Emirates Airlines

18 Jul 2012 questionsarchive

I seek leave to make a brief explanation before asking the Minister for Tourism questions on the subject of Emirates.

The Hon. J.M.A. LENSINK: Yesterday, the minister had a question asked of her in relation to the airline announcement. My questions are:

1. What total funding is being provided for Emirates to come to South Australia, and how much of that came from the tourism budget?

2. What measures have been put in place to ensure that money is repaid to South Australians should Emirates renege on this deal?

The Hon. G.E. GAGO (Minister for Agriculture, Food and Fisheries, Minister for Forests, Minister for Regional Development, Minister for Tourism, Minister for the Status of Women) (14:31): I thank the honourable member for her important questions. In terms of the funding, the honourable member has been in this place long enough to know and to understand that these matters involve commercially confidential information that, if divulged, could significantly disadvantage this state and end up costing this state significantly more funds in the future. So, obviously I am not prepared to disadvantage our taxpayers further by divulging commercially confidential information.

In terms of the sort of protections we have put in place, I would say that, in relation to Tiger, the Tiger situation related to an agreement to provide support to Tiger for an aircraft base over a term of several years. When Tiger closed that base after three years, clawback was then required, and this arrangement was, as I said yesterday, negotiated by the department of trade and economic development. That arrangement was completely unrelated to the Tiger support package for flights to Adelaide for which there was no dispute at all. I just wanted to set the record straight in relation to that.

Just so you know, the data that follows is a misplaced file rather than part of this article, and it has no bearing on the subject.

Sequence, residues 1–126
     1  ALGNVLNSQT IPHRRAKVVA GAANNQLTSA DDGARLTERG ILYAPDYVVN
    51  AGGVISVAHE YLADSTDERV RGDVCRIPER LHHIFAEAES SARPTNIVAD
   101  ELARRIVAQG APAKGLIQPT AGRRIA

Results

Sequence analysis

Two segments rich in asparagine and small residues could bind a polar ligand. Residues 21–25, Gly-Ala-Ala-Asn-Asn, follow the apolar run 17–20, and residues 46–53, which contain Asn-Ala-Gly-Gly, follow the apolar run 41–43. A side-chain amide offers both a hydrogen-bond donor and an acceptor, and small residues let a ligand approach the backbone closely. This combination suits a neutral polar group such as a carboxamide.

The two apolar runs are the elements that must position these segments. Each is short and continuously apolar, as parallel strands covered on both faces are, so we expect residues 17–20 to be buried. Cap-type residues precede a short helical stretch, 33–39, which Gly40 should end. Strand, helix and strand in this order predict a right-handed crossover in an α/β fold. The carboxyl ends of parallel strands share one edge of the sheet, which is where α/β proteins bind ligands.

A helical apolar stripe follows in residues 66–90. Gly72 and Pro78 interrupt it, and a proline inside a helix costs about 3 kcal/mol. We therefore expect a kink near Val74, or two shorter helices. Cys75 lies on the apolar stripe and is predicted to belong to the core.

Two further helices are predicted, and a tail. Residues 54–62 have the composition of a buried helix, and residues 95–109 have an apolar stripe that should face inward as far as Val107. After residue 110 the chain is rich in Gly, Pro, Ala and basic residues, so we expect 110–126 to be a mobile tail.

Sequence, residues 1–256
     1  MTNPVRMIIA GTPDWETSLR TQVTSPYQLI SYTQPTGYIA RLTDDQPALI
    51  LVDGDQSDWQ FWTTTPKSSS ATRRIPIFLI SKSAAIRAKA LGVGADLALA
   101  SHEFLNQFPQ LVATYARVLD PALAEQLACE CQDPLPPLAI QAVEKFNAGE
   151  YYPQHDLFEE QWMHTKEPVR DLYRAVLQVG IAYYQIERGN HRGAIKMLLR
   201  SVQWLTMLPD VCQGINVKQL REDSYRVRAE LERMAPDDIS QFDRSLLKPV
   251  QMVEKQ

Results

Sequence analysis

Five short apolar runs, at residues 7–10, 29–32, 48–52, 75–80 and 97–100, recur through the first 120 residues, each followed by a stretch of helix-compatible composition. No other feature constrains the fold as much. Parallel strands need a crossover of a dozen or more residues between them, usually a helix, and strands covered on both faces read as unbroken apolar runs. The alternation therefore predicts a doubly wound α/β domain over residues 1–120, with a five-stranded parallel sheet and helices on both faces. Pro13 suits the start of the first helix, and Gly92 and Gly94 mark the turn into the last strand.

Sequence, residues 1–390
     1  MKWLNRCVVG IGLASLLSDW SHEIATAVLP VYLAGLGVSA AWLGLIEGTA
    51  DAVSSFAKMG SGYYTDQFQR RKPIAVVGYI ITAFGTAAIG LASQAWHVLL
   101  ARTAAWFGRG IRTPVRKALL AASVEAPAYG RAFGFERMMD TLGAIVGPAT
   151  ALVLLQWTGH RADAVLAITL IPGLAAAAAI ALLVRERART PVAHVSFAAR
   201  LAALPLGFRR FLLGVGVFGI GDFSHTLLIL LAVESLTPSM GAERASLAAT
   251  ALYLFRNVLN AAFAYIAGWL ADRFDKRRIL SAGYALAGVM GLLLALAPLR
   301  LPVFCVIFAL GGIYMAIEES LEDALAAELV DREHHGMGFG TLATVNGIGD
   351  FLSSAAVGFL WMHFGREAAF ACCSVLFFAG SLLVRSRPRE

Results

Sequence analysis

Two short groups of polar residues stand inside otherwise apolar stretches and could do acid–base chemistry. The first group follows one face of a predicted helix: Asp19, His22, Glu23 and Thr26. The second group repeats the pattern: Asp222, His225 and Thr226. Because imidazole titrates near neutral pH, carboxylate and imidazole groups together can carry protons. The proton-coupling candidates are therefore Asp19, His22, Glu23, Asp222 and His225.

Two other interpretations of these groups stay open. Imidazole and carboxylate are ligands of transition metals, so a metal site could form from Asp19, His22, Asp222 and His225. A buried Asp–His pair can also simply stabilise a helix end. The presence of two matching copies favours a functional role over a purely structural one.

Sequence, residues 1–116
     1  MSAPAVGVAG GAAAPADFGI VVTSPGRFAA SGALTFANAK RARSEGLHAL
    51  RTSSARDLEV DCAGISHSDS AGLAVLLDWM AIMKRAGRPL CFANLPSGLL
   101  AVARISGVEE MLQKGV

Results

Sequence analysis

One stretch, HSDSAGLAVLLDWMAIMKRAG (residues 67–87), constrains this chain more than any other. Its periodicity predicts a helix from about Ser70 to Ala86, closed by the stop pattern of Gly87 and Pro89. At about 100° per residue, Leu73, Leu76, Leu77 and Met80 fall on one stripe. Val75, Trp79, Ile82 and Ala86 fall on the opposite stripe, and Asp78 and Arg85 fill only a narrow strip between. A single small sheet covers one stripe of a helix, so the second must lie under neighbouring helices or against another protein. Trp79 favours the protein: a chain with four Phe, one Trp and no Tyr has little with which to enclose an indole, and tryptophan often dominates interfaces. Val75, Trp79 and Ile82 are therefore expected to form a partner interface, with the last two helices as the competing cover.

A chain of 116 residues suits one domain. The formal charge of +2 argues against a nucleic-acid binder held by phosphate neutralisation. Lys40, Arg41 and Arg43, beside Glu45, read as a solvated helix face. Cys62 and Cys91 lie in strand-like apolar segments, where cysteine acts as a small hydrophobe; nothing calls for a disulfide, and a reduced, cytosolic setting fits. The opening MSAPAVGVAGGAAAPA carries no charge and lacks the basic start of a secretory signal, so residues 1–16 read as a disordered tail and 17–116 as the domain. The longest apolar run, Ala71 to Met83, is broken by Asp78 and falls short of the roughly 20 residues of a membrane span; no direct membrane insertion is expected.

Emirates is not a low-cost carrier, and it is structured in a very different way. It has a proven track record, and it is conservative in its analysis as to whether routes are viable. It has a massive capitalisation and growth strategy, and it is many, many times larger than Tiger. It is an international airline that operates in every major market in the world, and you cannot compare that with Tiger.

However, a number of conditions have been put in place to ensure that, if Emirates does not make good the terms of its contract, certain provisions will apply and certain moneys will need to be returned. So, very specific conditions are outlined in the contract to ensure that protections will occur. The protection for the state is twofold. The first is that clawback provisions will be automatic should Emirates not fulfil its obligations, and the second element of the protections that are in place is that benefits to the state from Emirates will be immediate and that any risk is limited to future loss rather than the present.

So, that is obviously in pure economic terms. Obviously, Emirates pay their way for as long as they operate in Adelaide and, if that doesn't work out, the loss is in terms of loss of economic benefits that we would suffer. As you can see, the scenario is completely different and we have put in place a number of protections to ensure that the conditions will be upheld.